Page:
B.C. man who tortured, murdered teen classmate denied day parole

Kruse Wellwood in prison for 2010 sexual assault and murder of Langford teen

One of two men responsible for the brutal sexual assault, torture and murder of Victoria-area teen Kimberly Proctor has been denied day parole.

Earlier this year, Kruse Wellwood applied for day parole from Mission Institution, a medium-security prison where he is an inmate. On Wednesday the Parole Board of Canada denied his request.

Proctor’s aunt, Jo-Ann Landolt, said the parole board did not find Wellwood psychologically fit for day release.

“I didn’t expect anything else,” said Landolt. “All of us really didn’t expect him to be released.”

But that doesn’t mean the hearing process wasn’t extremely difficult and emotional for the family, she added.

READ ALSO: Family of Langford’s Kimberly Proctor brought back to ‘emotional state’ as her killer applies for day parole

In 2010, 18-year-old Kimberly Proctor was sexually assaulted and murdered by Wellwood, then 16, and Cameron Moffat, then 17.

After learning of Wellwood’s parole application in May, Proctor’s family released a statement re-iterating the horrific nature of her assault and the final moments of her life.

Proctor’s father, Fred, said he was told his daughter was tortured, bound and thrown in a deep freezer while alive, eventually succumbing to asphyxiation. The next day her killers put her body in a hockey bag, took her to a ravine and lit her body on fire.

READ ALSO: Proctor’s killers troubled, angry from the start

Landolt said members of the teen’s family prepared statements and sat through the hearing.

“All in all, I mean, it’s been difficult,” she said. “But at the end of the day, we all felt good about it. He’s where he should be, and this just confirms that he will be in there for along time.”

Landolt said she and the family feel positive and are hoping Wellwood does not apply for parole again.

“If he does we’re just going to go again,” she said. “It’s important for the family to be there to support Kimmy after everything she went through.”

The Parole Board of Canada has not yet responded to a request for the parole decision.



nina.grossman@blackpress.ca

Like us on Facebook and follow us on Twitter

Just Posted

Climate change, economy and reconciliation take centre stage at Oct. 15 All-Candidates Forum

Six of the eight candidates were in attendance at the Smithers event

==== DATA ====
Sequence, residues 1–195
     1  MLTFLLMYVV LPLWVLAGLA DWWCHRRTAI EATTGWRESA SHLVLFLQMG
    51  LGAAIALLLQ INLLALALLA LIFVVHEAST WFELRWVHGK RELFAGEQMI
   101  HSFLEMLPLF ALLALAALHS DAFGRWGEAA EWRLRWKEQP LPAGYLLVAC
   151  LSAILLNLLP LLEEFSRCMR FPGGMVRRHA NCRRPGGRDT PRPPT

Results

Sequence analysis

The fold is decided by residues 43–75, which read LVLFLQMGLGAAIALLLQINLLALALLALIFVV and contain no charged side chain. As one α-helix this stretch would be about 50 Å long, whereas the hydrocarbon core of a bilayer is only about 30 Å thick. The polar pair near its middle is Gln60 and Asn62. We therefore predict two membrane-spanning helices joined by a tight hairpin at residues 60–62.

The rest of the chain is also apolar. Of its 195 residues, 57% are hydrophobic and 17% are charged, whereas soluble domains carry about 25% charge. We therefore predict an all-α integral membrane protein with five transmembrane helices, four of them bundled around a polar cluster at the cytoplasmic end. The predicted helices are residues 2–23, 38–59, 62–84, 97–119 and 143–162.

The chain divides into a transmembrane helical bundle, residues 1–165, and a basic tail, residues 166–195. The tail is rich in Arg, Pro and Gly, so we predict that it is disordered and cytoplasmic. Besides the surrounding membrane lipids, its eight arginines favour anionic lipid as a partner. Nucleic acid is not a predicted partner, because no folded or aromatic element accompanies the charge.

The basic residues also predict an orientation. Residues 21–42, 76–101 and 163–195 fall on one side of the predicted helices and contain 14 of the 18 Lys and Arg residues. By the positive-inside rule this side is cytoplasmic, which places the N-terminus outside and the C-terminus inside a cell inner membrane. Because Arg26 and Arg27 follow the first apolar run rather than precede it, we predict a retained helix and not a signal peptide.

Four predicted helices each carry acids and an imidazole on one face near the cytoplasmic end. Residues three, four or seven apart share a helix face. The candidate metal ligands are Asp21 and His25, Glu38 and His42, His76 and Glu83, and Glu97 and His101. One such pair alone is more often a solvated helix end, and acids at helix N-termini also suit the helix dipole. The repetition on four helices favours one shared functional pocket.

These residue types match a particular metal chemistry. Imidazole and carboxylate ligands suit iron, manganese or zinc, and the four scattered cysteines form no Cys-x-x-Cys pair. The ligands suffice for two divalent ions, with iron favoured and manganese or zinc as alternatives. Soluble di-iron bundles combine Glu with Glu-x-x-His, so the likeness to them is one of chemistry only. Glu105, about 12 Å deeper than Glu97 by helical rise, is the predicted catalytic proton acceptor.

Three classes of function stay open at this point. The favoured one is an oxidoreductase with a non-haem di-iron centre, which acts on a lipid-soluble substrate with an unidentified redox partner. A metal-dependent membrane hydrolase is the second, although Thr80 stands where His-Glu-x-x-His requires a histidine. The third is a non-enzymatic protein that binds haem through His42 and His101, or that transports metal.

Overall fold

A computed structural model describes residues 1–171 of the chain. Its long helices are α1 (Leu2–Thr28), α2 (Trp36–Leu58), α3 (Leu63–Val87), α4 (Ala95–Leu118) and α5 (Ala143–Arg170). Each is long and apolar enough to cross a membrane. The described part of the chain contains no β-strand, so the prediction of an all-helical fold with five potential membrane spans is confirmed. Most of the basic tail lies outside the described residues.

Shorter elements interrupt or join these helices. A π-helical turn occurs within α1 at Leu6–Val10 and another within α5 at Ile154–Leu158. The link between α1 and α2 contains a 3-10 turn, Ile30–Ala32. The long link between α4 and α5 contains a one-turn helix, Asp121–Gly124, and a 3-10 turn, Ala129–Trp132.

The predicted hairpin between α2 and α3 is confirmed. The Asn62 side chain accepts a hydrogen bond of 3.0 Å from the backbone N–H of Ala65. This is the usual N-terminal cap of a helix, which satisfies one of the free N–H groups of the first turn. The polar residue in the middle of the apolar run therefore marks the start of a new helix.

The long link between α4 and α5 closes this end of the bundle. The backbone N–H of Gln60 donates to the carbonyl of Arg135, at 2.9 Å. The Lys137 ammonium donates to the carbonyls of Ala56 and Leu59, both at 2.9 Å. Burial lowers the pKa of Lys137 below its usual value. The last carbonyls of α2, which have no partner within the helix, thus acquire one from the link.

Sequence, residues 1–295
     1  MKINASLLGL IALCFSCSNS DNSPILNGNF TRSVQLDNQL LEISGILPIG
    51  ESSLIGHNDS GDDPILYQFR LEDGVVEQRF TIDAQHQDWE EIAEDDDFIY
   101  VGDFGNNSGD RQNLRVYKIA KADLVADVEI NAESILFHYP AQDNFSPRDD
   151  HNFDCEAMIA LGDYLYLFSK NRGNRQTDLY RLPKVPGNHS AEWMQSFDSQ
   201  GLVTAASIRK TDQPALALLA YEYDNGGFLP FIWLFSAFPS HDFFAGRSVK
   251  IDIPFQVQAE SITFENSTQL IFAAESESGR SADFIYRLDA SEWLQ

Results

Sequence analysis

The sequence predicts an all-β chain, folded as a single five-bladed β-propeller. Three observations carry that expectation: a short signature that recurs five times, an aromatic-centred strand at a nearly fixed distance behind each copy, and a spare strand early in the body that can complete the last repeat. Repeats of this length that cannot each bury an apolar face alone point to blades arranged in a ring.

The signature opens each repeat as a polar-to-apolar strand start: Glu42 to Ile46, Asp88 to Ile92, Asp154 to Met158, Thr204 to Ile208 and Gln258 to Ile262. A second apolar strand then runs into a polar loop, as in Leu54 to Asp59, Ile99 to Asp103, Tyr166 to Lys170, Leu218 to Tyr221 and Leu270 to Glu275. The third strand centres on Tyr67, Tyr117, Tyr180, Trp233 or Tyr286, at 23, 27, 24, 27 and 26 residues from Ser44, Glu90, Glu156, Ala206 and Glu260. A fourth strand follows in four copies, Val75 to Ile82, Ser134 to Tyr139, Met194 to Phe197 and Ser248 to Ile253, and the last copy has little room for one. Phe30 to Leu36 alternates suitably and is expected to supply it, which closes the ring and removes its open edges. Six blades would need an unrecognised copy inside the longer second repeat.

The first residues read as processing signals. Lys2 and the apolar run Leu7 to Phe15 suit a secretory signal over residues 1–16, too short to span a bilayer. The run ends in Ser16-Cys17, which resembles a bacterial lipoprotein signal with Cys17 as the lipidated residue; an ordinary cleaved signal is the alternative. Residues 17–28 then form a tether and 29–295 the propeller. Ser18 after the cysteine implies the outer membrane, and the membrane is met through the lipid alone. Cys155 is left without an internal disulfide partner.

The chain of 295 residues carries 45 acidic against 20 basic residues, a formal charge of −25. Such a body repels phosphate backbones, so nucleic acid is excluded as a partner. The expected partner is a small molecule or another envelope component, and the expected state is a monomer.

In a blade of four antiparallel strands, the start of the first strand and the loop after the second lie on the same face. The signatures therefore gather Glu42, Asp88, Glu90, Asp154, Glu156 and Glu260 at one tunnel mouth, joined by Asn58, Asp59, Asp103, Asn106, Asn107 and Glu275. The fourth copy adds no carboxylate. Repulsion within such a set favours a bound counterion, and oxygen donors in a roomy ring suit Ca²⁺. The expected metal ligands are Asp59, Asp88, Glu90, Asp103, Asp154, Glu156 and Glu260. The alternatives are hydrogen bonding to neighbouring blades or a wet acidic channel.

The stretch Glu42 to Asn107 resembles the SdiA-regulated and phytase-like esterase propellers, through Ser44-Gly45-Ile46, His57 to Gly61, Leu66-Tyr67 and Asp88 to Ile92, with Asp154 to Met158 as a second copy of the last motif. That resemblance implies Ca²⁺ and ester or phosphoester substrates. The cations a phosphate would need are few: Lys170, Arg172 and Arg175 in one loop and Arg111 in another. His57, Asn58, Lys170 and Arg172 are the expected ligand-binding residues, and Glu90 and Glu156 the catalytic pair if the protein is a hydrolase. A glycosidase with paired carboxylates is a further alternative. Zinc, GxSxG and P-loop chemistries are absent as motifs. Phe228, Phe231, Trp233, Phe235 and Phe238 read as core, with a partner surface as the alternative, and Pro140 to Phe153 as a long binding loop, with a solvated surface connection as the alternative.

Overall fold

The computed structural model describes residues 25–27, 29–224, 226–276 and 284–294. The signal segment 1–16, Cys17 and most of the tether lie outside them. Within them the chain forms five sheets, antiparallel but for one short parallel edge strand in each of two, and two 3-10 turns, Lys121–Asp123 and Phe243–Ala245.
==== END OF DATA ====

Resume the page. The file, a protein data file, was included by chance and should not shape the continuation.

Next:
LETTER: How do you like these NDP apples MLA Rice?

Prince Rupert District Teachers’ responds to MLA Jennifer Rice’s letter regarding union rally

HAMILTON: Something was wrong — really wrong, but there is hope

Hamilton shares a defining moment in his life for Breast Cancer Awareness Month

WATCH: Heiltsuk Nation open first Big House in 120 years in northern B.C.

Opening means the community now has an appropriate space for spiritual and ceremonial events

ELECTION 2019: Have Justin Trudeau’s Liberals really cut middle-class taxes?

Conservative Andrew Scheer vows to cut bottom bracket, NDP’s Jagmeet Singh targets wealth tax

Saik’uz and Stellat’en First Nations court battle against RioTinto Alcan to start next week

Saik’uz and Stellat’en First Nations are taking Rio Tinto Alcan to court over their functioning of the Kenney Dam that affects the Nechako River

Alberta truck convoy plans counter-protest at climate rally with Greta Thunberg

United We Roll organizer says similar protest planned for Swedish teen’s event in Edmonton

Scheer, Trudeau, Singh haggle over potential minority government outcome

If you believe the polls, it appears the Liberals and Conservatives are neck-and-neck

British family deported after ‘accidental’ U.S. border crossing

U.S. officials deny it was mistake, release video of vehicle crossing into Washington from Langley

Kamloops man hangs on to back of stolen truck as suspect speeds away, crashes

The pickup truck was seen leaving the roadway before bursting into flames

‘Sky didn’t fall:’ Police, lawyers still adjusting after pot legalization

Statistics Canada says 541 people were charged under the federal Cannabis Act between Oct. 17, 2018 and the end of the year

Fewer people prescribed opioids in B.C., but other provinces lack data: doctors

Patients who began taking opioids were prescribed smaller doses for shorter duration

Most Read